Despite my car braking down en-route, and being totally stressed out by that by time I got there, I still managed to get a whole load of sketches done. Many more than this in fact, but the rest were on a larger A3 sketchbook - and I'll have to get them scanned by somebody with an A3 scanner.

I'm always so impressed by the events we create. Obviously, it takes a whole lot of help from the people who get involved just for the love of the event. From the DJ, to the photographer, to the runners, to the sponsors, to the venue and the amazing models. We appreciate and thank them all. And, of course, to all the sketchers that come along and have fun, draw and ensure that Dr Sketchy Sheffield continues.
Plus, if that's not impressive enough, where else do you get to draw a tattooed Reverend? I'm guessing nowhere. I may be wrong, but if I were a betting woman I'd put money on it.

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10. Make your reservations now!

I am booking school visits in the Pittsburgh, Pennsylvania area for Read Across America Week, March 2 – 6, 2015. Friday the 6th just got reserved this morning. If I can book the whole week, everybody gets me for 25% off the regular rate.

Contact Lisa— bookings@johnmanders.com


2 Comments on Make your reservations now!, last added: 3/13/2014
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11. That would be excellent

         




I've been a very bad blogger this year, mainly because of this, of course. But G's treatments are now done, and we're working toward getting our life back to our "new normal." But first, we're moving apartments this week and packing is exhausting!

As always happens, while packing I've been finding forgotten things, like this letter Grace had sent me back when we were both seniors in high school. I had brought this with me from my parents' house in California a while back because I wanted to quote some of the letter in a talk I was giving, I think.

In it, we talked about boys, of course. I had asked her to send me a boyfriend, so she sent me this guy:


Cute, huh? She named him Roger.

And here are a few snippets from the letter:

"I'm going to illustrate children's books, y'know. That would be so cool. One day when we're all grown up, you'll see in a book store: Illustrated by Grace P. Lin. That would be excellent."

and:

"I wish I could show you my portfolio. Then you could tell me if you think I'm talented. Or then you could lie to me and tell me you think I'm the bestest artist in the world and of course I will make it into RISD."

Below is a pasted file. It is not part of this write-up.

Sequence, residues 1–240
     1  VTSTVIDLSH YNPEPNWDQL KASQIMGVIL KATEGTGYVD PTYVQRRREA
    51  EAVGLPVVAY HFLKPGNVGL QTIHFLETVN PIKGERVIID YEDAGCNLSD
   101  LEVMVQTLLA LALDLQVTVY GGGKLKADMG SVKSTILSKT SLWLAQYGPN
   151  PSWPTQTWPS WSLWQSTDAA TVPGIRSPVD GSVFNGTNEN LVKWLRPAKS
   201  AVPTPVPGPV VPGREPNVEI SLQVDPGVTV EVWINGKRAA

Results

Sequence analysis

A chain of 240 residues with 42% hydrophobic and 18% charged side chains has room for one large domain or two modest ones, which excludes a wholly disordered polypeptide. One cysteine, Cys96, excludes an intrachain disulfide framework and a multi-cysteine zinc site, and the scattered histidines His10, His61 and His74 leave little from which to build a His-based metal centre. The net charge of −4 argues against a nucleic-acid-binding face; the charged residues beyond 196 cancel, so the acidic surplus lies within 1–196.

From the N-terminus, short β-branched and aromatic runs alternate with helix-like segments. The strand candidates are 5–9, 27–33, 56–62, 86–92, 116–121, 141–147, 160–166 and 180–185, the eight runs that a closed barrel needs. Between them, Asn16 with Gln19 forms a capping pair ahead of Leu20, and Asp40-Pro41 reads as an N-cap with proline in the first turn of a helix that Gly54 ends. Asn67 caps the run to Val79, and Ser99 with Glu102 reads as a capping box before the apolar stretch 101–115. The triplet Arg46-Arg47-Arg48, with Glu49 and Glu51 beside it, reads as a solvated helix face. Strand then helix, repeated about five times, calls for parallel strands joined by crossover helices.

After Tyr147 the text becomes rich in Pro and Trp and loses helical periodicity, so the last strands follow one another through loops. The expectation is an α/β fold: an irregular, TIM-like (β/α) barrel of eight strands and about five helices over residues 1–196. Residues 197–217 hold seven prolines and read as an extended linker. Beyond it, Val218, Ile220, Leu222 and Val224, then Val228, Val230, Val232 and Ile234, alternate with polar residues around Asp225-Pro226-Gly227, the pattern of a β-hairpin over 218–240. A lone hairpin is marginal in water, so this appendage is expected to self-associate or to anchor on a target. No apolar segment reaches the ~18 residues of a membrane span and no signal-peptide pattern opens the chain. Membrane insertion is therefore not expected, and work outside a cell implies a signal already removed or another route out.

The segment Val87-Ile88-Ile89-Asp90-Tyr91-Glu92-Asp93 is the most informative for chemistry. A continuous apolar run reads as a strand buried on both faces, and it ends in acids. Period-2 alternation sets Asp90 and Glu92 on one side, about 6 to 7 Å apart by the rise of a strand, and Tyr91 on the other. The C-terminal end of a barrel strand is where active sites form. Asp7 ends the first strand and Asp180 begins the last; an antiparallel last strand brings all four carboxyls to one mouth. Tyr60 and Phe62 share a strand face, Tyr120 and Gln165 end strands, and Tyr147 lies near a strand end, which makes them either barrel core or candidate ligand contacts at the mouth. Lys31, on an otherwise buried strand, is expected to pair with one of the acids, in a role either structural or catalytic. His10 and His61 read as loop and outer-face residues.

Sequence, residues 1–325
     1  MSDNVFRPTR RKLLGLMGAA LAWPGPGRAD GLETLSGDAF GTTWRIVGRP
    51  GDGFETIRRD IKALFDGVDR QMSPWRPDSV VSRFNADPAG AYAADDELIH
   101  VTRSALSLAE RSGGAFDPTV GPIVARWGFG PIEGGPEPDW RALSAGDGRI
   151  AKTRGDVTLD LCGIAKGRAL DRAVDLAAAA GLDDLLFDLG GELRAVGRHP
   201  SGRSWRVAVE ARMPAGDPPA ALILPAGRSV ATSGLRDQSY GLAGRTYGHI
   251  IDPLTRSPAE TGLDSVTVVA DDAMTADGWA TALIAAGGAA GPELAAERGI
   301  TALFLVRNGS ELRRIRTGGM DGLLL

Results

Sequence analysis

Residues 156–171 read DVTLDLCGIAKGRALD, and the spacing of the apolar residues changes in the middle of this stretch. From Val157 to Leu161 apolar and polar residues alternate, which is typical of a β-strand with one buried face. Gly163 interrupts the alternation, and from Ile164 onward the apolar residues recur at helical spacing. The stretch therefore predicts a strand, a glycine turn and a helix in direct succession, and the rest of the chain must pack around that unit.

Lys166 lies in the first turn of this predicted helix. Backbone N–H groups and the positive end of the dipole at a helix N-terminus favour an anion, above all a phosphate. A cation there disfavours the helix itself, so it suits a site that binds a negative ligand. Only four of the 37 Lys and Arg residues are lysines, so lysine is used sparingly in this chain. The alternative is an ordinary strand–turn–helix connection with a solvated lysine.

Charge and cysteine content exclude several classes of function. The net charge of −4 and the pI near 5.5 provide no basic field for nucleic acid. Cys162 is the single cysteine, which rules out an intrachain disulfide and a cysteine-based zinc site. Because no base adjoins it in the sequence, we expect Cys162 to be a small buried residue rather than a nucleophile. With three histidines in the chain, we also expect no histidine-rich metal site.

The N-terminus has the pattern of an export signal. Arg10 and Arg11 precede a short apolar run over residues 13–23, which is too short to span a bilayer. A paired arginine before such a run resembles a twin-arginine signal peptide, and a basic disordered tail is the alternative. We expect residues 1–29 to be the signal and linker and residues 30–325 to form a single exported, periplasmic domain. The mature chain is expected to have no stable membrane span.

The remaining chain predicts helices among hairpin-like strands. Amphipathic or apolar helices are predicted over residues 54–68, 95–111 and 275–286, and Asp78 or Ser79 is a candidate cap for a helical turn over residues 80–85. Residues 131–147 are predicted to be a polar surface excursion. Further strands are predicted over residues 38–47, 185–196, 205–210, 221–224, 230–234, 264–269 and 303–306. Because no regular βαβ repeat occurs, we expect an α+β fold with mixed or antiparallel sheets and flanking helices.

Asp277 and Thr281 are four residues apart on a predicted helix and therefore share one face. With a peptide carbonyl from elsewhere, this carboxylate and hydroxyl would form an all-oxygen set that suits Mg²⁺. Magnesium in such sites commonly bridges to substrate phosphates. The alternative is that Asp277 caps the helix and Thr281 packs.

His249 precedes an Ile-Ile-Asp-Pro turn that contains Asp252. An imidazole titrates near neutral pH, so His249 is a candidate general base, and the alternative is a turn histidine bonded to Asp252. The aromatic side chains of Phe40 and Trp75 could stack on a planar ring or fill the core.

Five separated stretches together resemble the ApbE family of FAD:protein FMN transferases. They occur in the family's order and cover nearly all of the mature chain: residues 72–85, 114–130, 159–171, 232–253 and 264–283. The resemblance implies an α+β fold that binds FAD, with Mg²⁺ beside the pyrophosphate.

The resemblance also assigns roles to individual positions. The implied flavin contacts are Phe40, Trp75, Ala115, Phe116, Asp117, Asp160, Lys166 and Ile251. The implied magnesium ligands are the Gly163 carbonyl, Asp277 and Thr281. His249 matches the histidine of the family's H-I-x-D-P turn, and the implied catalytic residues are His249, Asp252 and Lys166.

I wonder if Grace has the letter I wrote back to her. But I'm sure I said something like:

I think you're talented, Grace! You are the bestest artist in the world, you will make it into RISD, and you will become a famous children's book author and illustrator.

See, I can predict the future!

4 Comments on That would be excellent, last added: 10/31/2013
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12. could be in a dream

Here's another sketchbook that I've just about finished. I'm not sure of the brand, I bought it because I wanted a different page shape and size from the Moleskine and this had nice thick paper too. I've really enjoyed working on a more panoramic (?) page and will need to replace it with something similar if I can't find another of these.

I made the top drawing at a field day that had all sorts of events going on. I'm really happy with some of the lines I achieved in this drawing. I used a fine liner and a calligraphy pen to get them. And, the one below is from one of our Dr Sketchy events.
The rest of the drawings from this book can be viewed HERE.

2 Comments on could be in a dream, last added: 9/18/2013
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13. Interview With Children’s Book Author and Illustrator Calvin Innes

Its Author Interview Thursday! Woohoo! Ladies and Gentlemen I’d like to let you in on a secret.Calvin Innes I’ve been trying for the last 5 months to get today’s featured guest in the hot seat. I met him at the London Book Fair in April and have had the privilege to have him critique my work and he’s offered useful advice to help improve my writing and publishing efforts. He’s worked with the best of the best and founded a successful publishing company in the North of England. Do you remember my interviews with Stuart Reid and Beth Dexter-Smith? Well, they’re successful authors at his publishing firm. Books published by his company, My Little Big Town can be found in the big bookstores in the UK and could soon be coming to a bookstore near you. He has a lot to share with us today, so without further ado, please join me in welcoming Calvin Innes.